Young adults who smoke cigarettes, even for a short amount of time, may be changing the structure of their brains, according to a University of California, Los Angeles (UCLA) study. These findings could explain why adults who began smoking at a young age stay addicted to cigarettes.
The study appears in the March 3 online edition of the journal Neuropsychopharmacology.
“Although we are not certain whether the findings represent the effects of smoking or a genetic risk factor for nicotine dependence, the results may reflect the initial effects of cigarette smoking on the brain,” said senior author Edythe London, Ph.D., a professor of psychiatry and of molecular and medical pharmacology at UCLA’s Semel Institute for Neuroscience and Human Behavior and David Geffen School of Medicine.
“This work may also contribute to the understanding of why smoking during this developmental stage has such a profound impact on lifelong smoking behavior.”
London and her team, including first author Angelica Morales, a graduate student researcher in London’s lab, found differences in the insula, a part of the brain already known to play a central role in tobacco dependence. It has the highest density of nicotinic acetylcholine receptors within the human cerebral cortex.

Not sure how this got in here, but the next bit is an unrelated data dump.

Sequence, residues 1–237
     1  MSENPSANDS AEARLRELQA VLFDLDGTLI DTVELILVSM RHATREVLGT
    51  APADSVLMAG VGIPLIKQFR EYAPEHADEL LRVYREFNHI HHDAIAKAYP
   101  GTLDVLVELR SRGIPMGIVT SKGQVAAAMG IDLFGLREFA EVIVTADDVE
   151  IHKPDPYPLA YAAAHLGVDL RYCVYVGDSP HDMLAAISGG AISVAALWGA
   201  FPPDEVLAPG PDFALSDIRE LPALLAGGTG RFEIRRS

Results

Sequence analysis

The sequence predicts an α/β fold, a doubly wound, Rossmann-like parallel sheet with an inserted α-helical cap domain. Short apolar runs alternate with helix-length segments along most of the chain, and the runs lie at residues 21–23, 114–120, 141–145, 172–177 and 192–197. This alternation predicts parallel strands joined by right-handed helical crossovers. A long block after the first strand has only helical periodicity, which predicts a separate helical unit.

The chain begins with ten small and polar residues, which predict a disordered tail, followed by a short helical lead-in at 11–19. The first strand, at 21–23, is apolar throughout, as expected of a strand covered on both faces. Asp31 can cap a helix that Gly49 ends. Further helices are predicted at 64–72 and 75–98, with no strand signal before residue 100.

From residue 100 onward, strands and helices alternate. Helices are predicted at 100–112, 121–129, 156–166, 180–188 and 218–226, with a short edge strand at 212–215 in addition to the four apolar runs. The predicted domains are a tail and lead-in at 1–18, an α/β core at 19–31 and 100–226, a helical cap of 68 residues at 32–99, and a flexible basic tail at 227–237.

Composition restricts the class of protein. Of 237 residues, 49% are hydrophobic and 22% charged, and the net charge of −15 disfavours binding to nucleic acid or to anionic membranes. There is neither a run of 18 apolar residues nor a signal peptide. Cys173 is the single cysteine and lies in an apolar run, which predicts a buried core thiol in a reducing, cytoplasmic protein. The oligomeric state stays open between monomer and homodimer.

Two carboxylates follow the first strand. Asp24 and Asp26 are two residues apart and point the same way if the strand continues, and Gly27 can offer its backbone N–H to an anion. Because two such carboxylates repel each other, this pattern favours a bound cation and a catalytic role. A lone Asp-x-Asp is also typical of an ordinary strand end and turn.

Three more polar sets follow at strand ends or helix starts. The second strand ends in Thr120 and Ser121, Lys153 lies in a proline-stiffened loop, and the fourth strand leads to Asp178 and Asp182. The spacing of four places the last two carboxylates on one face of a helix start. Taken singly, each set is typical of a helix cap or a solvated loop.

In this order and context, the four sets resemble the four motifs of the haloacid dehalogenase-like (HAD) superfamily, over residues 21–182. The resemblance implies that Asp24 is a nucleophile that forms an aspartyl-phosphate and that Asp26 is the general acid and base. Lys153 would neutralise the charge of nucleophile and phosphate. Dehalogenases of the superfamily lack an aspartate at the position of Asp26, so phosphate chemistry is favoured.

The 42 study participants (ages 16-22) reported their smoking histories and their cigarette craving and dependence tendencies; overall, 24 were non-smokers and 18 were smokers.
Researchers then examined the insula using high-resolution structural magnetic resonance imaging. Those who smoked began around the age of 15 and smoked fewer than seven cigarettes a day at the time of the study.
By measuring the cortical thickness of the insula in both smokers and non-smokers, the researchers found that the number of years a person smoked was negatively related to the thickness in the right side of the insula. In other words, the more a person smoked, the thinner that part of the insula. The relationship also held true for the young adult’s level of dependence on cigarettes and the urge to smoke.
“Our results suggest that participants with greater smoking exposure had more severe nicotine dependence, more cigarette craving, and less insular thickness than those with less exposure,” London said.
“While this was a small study and needs to be replicated, our findings show an apparent effect of smoking on brain structure in young people, even with a relatively short smoking history. And that is a concern. It suggests that smoking during this critical time period produces neurobiological changes that may cause a dependence on tobacco in adulthood.”